You Created It, You Own It, You Need to Protect It
By Thomas Stanton, Esq.
Managing Shareholder, Stanton IP Law Firm, P.A.
As a former business owner, the topic of protecting our Intellectual Property (IP) rarely, if ever, came up in conversation. We were too focused on acquiring customers, streamlining processes to provide better service, and managing our employees. Now that I am an attorney, I spend much of my time educating businesses and business owners on the importance of why you need to Protect Your Intellectual Property. IP can be broken down into four main groups, Patents, Trademarks, Copyrights, and Trade Secrets.
Patents provide monopolies on inventions for up to 20 years from the date of filing. Patents can create a very unique competitive advantage, however you must be careful to pursue patent protection before bringing a product to market or disclosing it publicly because you run the risk of invalidating your own ability to get a patent.
Trademarks provide protection on your business name or logo and protect your ability to continue to operate under your name and prevent others from entering your space using a similar name. This is vital for branding purposes and can greatly affect the value of your business if your brand is not properly protected. Trademarks have no expiration on them so long as you continue doing business.
Copyrights provide protection on your works of art, including software code and instruction manuals. This could be very important for your business if you spend a lot of time developing training programs, writing software code, or creating unique designs for different service and product offerings. Copyrights are typically thought of as only applying to musicians, artists, or film makers, but that is not the case as copyrights are applied to all levels of creativity.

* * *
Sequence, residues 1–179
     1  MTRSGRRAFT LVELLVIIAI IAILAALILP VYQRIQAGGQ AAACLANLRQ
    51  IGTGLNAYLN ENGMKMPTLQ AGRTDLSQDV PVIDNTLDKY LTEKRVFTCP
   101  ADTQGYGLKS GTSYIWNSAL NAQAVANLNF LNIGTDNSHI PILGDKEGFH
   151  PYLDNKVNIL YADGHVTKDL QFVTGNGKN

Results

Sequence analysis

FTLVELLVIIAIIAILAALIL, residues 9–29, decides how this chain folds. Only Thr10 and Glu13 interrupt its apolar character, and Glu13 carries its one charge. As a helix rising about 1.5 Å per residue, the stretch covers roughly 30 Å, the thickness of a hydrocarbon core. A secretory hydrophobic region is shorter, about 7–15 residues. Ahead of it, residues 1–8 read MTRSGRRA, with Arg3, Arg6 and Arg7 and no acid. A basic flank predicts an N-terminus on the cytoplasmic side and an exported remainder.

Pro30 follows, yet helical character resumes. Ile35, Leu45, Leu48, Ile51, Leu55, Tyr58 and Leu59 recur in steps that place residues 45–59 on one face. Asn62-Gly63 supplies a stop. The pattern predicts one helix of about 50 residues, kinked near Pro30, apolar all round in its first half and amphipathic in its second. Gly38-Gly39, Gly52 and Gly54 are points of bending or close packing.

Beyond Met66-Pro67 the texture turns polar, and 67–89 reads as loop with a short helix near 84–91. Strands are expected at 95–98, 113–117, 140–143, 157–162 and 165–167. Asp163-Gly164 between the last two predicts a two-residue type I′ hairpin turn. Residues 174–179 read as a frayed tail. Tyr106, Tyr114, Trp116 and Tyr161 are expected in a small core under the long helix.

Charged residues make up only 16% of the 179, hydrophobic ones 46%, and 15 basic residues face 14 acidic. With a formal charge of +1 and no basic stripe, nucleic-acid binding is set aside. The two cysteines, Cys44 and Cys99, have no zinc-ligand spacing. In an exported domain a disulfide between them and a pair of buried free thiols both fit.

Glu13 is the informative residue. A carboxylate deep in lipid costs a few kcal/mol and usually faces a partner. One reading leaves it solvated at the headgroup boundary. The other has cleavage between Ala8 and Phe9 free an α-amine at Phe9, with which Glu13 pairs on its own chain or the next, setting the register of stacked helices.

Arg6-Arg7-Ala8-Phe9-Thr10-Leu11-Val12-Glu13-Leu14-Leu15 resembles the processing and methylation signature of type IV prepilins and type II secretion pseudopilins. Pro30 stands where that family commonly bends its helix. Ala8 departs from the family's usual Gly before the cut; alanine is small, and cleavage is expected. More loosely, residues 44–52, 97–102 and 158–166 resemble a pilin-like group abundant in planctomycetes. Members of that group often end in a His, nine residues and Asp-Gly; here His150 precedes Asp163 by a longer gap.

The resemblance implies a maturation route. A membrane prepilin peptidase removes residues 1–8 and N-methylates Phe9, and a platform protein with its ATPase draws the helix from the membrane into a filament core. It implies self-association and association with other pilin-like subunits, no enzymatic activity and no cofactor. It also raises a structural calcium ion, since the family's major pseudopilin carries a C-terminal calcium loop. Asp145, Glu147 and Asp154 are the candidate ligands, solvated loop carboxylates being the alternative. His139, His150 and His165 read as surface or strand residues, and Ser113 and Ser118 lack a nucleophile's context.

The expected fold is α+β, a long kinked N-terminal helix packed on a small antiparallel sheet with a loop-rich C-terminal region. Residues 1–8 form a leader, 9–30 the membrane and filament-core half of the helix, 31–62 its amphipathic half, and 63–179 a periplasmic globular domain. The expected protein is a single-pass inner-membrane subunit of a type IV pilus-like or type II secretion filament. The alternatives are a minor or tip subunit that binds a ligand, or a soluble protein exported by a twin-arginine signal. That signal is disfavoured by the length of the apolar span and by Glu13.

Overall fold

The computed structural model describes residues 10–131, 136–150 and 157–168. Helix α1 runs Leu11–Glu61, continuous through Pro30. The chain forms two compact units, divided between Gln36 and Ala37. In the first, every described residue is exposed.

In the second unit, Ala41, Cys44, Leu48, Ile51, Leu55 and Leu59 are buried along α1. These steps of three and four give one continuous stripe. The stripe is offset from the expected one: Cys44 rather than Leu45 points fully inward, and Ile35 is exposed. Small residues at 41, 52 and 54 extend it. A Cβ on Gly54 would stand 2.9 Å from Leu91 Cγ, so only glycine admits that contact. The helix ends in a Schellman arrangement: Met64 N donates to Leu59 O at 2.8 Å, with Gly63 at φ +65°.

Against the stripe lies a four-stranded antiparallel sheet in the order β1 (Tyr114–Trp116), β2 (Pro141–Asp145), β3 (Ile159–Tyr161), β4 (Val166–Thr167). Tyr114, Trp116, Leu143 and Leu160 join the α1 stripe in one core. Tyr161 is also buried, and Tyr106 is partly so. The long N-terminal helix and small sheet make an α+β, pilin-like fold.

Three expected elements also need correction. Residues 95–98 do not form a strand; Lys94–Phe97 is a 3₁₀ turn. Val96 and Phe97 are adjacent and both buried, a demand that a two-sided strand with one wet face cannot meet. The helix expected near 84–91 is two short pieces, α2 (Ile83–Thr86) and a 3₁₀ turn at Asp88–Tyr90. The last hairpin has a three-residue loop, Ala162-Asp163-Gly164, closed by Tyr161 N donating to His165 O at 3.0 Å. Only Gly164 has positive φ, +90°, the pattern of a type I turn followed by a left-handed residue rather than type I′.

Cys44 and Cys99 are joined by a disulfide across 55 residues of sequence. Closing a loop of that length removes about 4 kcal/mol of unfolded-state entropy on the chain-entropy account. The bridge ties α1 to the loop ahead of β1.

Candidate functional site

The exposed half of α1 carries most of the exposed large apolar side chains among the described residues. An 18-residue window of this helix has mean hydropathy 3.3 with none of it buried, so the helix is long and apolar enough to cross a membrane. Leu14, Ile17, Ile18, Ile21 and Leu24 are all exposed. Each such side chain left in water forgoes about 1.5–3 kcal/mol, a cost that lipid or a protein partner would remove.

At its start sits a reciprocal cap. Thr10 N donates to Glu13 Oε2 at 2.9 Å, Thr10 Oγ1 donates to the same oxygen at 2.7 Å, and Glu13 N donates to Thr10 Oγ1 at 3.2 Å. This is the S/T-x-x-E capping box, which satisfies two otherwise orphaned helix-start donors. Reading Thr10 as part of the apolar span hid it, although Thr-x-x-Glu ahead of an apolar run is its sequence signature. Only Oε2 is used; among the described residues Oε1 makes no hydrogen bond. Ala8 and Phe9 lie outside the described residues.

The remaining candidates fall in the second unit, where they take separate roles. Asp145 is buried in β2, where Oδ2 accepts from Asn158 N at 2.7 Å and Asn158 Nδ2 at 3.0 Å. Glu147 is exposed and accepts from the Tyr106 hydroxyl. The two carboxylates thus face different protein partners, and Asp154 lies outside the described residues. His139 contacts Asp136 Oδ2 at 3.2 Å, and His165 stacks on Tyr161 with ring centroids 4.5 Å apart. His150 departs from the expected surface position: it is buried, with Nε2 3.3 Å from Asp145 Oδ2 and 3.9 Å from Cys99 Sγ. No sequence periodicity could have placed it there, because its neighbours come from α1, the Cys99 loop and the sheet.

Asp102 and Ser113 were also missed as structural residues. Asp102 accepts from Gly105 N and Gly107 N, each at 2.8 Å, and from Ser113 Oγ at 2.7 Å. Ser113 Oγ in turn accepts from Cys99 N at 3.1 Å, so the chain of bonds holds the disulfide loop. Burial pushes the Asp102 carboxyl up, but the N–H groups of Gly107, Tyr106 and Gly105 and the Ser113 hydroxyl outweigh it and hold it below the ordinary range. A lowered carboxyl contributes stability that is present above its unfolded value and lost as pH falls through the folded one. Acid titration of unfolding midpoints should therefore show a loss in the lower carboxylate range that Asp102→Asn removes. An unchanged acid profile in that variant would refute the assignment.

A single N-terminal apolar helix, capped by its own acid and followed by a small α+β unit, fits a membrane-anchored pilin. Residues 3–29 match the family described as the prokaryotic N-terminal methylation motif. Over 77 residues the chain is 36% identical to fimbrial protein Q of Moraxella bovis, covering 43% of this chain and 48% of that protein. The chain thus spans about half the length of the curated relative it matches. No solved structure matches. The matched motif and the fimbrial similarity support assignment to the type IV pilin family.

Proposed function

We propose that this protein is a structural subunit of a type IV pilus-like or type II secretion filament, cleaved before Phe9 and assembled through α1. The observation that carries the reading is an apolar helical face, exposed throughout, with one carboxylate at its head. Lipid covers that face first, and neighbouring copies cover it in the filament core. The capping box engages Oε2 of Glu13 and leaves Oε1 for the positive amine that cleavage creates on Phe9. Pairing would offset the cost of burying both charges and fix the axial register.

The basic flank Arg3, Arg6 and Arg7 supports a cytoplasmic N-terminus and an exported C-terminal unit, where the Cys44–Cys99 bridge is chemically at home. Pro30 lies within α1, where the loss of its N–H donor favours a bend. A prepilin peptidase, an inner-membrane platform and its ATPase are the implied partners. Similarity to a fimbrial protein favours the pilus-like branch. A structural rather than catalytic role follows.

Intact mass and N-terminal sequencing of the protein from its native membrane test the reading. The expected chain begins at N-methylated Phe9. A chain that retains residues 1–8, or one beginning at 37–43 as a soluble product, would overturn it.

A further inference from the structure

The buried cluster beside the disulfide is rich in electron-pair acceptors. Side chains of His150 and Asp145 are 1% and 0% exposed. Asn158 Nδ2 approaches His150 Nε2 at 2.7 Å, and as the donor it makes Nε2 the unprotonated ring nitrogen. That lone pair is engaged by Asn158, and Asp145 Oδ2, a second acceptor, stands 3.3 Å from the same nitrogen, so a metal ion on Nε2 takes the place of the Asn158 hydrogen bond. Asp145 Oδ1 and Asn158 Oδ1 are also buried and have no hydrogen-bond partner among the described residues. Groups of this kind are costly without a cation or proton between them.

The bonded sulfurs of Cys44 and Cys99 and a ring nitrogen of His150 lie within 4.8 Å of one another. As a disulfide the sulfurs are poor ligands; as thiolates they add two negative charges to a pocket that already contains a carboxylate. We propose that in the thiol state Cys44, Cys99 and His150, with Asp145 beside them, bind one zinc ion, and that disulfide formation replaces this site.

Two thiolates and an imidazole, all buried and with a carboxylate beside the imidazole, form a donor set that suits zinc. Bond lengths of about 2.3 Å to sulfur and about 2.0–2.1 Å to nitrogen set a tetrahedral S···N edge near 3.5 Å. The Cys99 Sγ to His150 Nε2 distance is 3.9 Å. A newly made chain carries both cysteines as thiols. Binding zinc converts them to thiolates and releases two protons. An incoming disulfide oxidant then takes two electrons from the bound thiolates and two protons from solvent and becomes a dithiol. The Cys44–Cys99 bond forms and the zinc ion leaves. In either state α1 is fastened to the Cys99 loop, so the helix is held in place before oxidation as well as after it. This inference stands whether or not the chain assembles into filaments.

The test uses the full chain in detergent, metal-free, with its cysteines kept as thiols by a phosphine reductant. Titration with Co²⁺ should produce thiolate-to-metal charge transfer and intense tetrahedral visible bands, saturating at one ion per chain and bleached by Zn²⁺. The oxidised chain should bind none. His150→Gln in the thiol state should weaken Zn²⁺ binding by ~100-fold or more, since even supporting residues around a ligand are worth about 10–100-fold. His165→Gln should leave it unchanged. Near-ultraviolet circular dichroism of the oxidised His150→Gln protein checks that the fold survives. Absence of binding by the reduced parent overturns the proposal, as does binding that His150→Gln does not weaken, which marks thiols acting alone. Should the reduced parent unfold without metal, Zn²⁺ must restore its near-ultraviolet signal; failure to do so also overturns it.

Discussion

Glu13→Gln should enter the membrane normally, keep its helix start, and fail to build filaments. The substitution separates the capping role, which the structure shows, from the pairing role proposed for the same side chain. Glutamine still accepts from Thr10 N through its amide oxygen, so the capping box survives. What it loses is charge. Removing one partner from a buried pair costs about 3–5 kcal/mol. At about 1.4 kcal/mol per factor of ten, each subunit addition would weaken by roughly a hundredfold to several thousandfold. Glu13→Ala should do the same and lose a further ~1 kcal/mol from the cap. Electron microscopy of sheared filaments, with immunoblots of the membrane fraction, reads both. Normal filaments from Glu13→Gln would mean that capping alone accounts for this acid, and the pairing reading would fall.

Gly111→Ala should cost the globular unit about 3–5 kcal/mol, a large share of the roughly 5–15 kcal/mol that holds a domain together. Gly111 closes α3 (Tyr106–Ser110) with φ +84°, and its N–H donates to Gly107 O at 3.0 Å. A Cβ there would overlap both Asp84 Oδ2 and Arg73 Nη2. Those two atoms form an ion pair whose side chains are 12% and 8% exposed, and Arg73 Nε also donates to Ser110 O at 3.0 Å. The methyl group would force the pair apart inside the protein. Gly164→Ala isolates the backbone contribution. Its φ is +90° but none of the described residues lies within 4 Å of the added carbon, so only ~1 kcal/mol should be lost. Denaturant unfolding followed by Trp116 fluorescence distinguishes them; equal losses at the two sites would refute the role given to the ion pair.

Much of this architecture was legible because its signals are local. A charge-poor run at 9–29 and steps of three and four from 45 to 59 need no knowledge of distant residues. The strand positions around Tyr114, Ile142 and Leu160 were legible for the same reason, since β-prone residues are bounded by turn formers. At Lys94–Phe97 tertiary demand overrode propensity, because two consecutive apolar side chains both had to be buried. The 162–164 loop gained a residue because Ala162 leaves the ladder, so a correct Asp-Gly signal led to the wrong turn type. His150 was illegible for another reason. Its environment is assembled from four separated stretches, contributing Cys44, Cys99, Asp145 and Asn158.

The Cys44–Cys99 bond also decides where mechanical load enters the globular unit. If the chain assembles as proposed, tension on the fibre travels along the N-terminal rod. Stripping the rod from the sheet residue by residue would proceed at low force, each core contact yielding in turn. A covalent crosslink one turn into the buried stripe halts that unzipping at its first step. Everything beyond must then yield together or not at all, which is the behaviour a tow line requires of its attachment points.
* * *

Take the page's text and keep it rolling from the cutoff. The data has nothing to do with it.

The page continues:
Trade Secrets provide protection to your secret sauce that you do not want anyone outside your organization to gain an understanding of how you do certain things. This becomes important because all of the other IP protections require a public disclosure in order to get the protection. Trade Secrets are unique in that they are secrets and must be treated as such in order to gain the proper protection. They can last forever as long as they are kept a secret.
Now that we have a brief overview of the different kinds of protections, we have to think about this as a two sided issue. The first is ensuring proper protection which includes employment agreements that not only ensure proper confidentiality clauses are listed, but also that employees and work for hire contractors are assigning their IP to your company so that there are not ownership issues. Non-disclosure agreements are also very important and need to be used properly. The most important element is to have the conversation about how to protect your Intellectual Property as you are developing it, not after. The second side is enforcement of your IP. Once you have it properly protected, it is up to you to enforce your protections against possible infringers. This also requires a conversation about strategy in order to ensure you do not try to enforce too early or too late. Trying to enforce too early could mean that there are not enough damages to justify the cost of enforcement. Enforcing too late could mean that you have lost your chance to enforce your rights.
In closing, protecting your IP can greatly increase the value of your business and maintain your competitive advantage over your competitors. Having the right strategy is vital and that starts with a conversation internally as well as with your IP attorney about how you can Protect Your Intellectual Property. Often times in business, waiting is a good strategy, when it comes to protecting your IP, waiting is the worst strategy.
You Own It, We protect it!